Driven by a 1.7% fall in repair and maintenance work, construction output fell by 0.2% in the three months to February 2020, according to the latest ONS figures
Construction output fell by 0.2% in the three months to February 2020, compared with the previous three-month period.
New work increased in the three months to February 2020, driven by growth in infrastructure and public other new work, which grew by 2.8% and 4.5% respectively. No other new work sectors saw growth.
In repair and maintenance, the fall in the three months to February 2020 was driven by a 5.6% fall in private housing repair and maintenance – the largest fall in this series since October 2012. In contrast, public housing and non-housing repair and maintenance increased by 2.2% and 0.1% respectively.
Construction output fell by 1.7% in the month-on-month all work series in February 2020. This fall was driven by a 3.4% fall in new work, which more than offset 1.7% growth in repair and maintenance – this is thought to have been impacted by the adverse weather experienced throughout February 2020.
Clive Docwra, managing director of McBains, said: “These figures are a worrying sign of sluggishness in the construction sector, which was already evident before the coronavirus outbreak.
“Output decreased by 1.7% in February – the largest fall in monthly growth since October 2019. In particular, the drop in private new housing, which fell 7.7% on the previous month, is a cause for concern as it is the second-largest fall since monthly records began in 2010.
“The bad weather in February was clearly a factor, but the more ominous sign on the horizon is the impact of COVID-19.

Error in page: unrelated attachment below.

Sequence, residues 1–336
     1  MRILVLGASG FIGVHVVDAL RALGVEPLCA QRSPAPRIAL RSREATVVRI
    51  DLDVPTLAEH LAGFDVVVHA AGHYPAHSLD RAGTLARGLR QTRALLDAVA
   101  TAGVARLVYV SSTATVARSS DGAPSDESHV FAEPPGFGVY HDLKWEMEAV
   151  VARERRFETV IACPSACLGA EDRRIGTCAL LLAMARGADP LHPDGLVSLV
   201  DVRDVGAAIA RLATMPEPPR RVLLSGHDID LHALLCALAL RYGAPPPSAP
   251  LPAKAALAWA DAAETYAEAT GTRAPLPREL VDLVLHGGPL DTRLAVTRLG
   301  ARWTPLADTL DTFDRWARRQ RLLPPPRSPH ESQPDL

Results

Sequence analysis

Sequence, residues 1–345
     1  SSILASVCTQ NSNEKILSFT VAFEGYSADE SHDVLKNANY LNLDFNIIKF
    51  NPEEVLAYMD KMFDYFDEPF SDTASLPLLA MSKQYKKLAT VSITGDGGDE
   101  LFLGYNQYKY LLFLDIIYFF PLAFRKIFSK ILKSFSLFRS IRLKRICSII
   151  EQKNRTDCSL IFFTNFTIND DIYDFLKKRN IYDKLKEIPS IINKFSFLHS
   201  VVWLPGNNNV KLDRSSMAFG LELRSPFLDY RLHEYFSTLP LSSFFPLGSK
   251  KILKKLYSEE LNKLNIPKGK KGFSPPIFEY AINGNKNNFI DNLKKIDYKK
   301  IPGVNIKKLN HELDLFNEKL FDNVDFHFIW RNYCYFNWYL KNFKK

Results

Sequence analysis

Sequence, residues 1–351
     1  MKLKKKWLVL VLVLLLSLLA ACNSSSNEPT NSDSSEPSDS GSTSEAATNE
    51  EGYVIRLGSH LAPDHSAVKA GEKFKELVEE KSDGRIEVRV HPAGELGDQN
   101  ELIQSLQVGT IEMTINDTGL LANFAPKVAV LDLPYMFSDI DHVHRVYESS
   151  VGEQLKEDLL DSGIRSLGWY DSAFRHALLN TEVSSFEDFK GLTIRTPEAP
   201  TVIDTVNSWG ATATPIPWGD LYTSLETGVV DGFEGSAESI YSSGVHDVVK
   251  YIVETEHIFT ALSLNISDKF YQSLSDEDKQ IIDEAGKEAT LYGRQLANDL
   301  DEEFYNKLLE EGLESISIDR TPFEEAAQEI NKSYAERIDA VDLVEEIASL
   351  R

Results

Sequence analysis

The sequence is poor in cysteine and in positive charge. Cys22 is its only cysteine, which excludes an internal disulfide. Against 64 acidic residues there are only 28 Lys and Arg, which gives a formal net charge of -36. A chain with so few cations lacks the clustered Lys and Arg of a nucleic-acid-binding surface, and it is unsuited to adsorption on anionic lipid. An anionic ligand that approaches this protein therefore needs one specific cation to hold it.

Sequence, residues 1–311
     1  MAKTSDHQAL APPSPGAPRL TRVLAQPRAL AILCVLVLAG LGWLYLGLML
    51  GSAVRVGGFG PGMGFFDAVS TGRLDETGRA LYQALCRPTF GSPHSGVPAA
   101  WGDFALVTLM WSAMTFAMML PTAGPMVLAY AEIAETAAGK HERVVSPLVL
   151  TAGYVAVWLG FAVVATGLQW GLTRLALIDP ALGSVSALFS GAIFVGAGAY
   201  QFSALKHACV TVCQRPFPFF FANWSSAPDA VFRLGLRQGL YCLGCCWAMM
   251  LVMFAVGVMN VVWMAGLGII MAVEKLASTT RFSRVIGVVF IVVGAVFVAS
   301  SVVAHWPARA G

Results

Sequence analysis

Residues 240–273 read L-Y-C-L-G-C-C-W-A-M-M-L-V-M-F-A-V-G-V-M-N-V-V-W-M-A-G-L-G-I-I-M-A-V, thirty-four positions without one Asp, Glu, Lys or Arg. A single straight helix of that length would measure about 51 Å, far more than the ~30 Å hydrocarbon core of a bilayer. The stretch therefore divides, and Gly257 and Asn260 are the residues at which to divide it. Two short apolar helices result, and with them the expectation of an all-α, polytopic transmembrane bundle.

“On the back of these disappointing figures, the industry is bracing itself for a severe downturn over the next few months, with COVID-19 already resulting in empty sites and a significant proportion of planned investment on hold.
“This is the first time the industry has experienced three consecutive monthly falls since March 2018. It means the industry will not have a cushion to fall back on which the impact of the pandemic really bites. The sector is also more affected than many other industries as most staff are unable to work from home.”
The data collection for the period was completed by 29 February and is largely unaffected by recent developments with by the COVID-19 pandemic.
In its statement, ONS said: “We are aware of the upcoming challenges relating to the pandemic outbreak, particularly for construction output, which will be impacted by closures of worksites and premises.
“The monthly construction output questionnaire is currently collected via paper, however, like other ONS business surveys, plans are being made to move the questionnaire to online data collected. This means that construction firms can log on from any location and submit their data at an appropriate time. The current plan is to collect these data via online data collection for the first time in the April 2020 release.”